June 7, 2015
By Shmuel Ben-Gad, AJL Reviews
This book is written from a Modern Orthodox point of view and is aimed at “discerning traditional readers.” As the subtitle indicates, it deals with six discrete topics. Some chapters are drier than others. I imagine the part that will be of most interest to readers is the author’s argument that a modern, religiously motivated, scientific study of the Tanakh—using recent archaeological discoveries and the recovery of ancient languages related to Hebrew, for example—is in accordance with the methods of the mediaeval exegetes even if it sometimes leads to different conclusions. The discussion and comparison of eight exegetes is also quite enlightening. Dr. Sokolow of Yeshiva University is evidently a lover of the Tanakh but I cannot say that this book, for all its information and argumentation, conveys the actual atmosphere of the text. I suppose it might be argued that this can only be experienced by diving into the Tanakh itself, something which this book certainly encourages.
March 17, 2015
Sokolow, a professor at the Azrieli Graduate School of Jewish Education and Administration, has crafted a masterful and thorough volume of Torah scholarship that raises multiple questions inherent in Tanakh and provides cogent and articulate explanations and responses to them. His work, which takes a Jewish Orthodox viewpoint, includes segments on who penned the various portions of Tanakh (an acronym for Torah, Neviim, and Ketuvim); historic and rabbinic sources for inclusion in the canon; anomalies in the foundational Masoretic text; attitude toward narrative material (Aggadah); the history of, and insights into, eight prominent exegetes, including Rashi and Nahmanides; rebuttals to the arguments of biblical critics about textual origin, and principles for developing Tanakh curricula in yeshiva day schools. Sokolow’s erudition is evident as he addresses the issues from all angles and offers rational proofs for his claims. Detailed footnotes provide much additional useful and fascinating information for further study. Hebrew text, which is always translated, is woven into the manual when Sokolow quotes original material so that readers can see firsthand the sources. Serious students of Torah will learn much from this important, comprehensive work.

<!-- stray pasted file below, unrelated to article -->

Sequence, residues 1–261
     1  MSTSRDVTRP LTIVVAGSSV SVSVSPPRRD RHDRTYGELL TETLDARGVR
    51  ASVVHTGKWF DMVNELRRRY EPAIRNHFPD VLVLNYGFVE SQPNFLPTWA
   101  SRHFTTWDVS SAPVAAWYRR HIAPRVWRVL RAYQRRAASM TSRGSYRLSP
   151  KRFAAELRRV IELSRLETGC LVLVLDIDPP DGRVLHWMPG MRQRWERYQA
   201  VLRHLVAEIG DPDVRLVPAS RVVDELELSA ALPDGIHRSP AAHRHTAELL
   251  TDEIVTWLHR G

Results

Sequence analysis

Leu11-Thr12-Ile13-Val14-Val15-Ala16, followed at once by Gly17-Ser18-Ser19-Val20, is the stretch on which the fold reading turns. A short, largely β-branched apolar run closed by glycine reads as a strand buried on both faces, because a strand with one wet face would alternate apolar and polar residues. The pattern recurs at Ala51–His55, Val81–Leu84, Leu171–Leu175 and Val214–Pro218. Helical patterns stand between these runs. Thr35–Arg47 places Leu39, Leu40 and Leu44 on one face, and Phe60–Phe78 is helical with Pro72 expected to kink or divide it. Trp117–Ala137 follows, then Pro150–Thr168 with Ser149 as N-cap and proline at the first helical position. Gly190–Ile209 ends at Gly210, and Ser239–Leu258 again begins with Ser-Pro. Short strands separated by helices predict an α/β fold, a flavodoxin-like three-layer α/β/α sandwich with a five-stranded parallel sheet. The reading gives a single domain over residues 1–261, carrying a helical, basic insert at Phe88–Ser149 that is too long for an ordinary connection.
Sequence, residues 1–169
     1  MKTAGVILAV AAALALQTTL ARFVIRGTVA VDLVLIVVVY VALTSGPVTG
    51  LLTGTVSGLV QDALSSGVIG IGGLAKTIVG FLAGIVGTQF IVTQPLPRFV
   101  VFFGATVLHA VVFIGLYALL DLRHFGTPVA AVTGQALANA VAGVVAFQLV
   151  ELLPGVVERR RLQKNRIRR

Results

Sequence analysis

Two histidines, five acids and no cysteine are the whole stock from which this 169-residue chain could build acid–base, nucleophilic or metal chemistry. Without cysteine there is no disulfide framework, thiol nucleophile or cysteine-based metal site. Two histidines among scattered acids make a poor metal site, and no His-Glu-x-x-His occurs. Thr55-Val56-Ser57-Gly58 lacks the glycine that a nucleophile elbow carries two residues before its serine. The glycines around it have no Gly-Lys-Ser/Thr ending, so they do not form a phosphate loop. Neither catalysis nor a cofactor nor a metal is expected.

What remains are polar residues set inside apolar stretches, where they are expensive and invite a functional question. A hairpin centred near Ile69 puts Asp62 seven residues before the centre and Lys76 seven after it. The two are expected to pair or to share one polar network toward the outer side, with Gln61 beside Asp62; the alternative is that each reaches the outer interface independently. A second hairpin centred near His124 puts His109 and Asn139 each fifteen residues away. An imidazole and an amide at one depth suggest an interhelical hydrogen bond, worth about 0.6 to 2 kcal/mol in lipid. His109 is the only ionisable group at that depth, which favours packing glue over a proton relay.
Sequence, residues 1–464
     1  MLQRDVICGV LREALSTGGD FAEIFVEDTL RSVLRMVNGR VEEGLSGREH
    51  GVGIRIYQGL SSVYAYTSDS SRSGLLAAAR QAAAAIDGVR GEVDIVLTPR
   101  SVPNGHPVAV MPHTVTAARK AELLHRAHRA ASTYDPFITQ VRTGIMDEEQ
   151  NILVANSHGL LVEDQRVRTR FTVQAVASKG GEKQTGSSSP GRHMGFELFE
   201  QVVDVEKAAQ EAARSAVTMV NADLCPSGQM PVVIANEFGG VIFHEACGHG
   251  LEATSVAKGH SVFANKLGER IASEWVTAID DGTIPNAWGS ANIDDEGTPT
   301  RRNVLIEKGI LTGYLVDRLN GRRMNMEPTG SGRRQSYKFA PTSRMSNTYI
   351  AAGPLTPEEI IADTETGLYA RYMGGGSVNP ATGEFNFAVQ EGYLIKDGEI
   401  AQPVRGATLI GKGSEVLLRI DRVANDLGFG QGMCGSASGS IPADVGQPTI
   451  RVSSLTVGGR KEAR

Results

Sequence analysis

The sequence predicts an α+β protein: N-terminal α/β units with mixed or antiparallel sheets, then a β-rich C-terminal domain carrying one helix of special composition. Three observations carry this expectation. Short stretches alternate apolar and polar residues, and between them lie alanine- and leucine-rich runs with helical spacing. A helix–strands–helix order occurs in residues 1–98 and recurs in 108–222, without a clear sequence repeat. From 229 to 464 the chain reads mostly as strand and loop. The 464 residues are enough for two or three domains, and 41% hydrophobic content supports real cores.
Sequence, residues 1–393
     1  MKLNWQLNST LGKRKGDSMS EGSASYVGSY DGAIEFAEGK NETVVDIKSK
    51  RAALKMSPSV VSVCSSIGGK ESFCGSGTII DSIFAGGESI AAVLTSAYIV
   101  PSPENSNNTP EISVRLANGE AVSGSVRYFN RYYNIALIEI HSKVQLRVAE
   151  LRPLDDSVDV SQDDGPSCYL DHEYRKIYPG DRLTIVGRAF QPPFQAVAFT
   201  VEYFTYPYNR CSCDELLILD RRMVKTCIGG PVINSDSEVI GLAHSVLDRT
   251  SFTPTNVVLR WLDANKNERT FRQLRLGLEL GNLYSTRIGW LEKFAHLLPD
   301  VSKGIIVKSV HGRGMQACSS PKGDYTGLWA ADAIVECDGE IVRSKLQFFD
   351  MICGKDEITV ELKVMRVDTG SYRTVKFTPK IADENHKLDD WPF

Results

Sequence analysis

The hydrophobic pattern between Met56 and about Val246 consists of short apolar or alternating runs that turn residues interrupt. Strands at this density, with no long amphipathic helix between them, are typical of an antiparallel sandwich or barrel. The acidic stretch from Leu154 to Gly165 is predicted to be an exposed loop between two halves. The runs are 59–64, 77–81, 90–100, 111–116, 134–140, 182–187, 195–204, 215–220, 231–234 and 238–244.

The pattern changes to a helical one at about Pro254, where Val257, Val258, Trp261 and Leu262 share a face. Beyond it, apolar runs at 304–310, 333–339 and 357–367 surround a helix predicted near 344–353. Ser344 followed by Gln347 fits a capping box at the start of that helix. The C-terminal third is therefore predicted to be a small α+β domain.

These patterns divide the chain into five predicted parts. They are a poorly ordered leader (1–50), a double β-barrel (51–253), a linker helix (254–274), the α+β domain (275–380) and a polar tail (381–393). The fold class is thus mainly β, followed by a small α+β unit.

This review originally appeared on Publishers Weekly
December 18, 2014
By Rabbi Yitzchak Etshalom
The Tanach is that Book of Books which we claim as our legacy to the world. For multiple reasons, the in-depth study of the 24 books of Torah, Nevi’im and Ketuvim had been effectively removed from the Jewish curriculum for the past several hundred years. Thankfully, the rigorous and creative disciplines associated with the mastery of these Divine treasures have been revived in the last two generations.
The New School of Orthodox Tanach study owes much of its energy and direction to the pioneering work of R. Mordechai Breuer, zt”l, and to his many students in Israel and abroad. These teachers have incorporated many of the disciplines developed in the world of academia to enhance and deepen our understanding of Tanach.
This school is not really new. Teachers from Bar-Ilan University and Yeshivat Har Etzion – to name two of the proving grounds of in-depth Tanach study – utilize traditional sources, such as Talmud and Midrash, to bring their new observations to light.
The exciting and explosive growth of serious Tanach study can easily be seen every summer, where close to 10,000 students attend a five-day Bible seminar at the Herzog College in Alon Shvut. This yearly event, in its third decade, has grown from a two-day gathering of fewer than a 100 students. The lecturers are, to a one, enthusiastic in shedding new light on ancient texts through the introduction of archeology, literary theory, ancient new eastern texts and much more – and that enthusiasm is contagious as the many thousands of attendees will attest.
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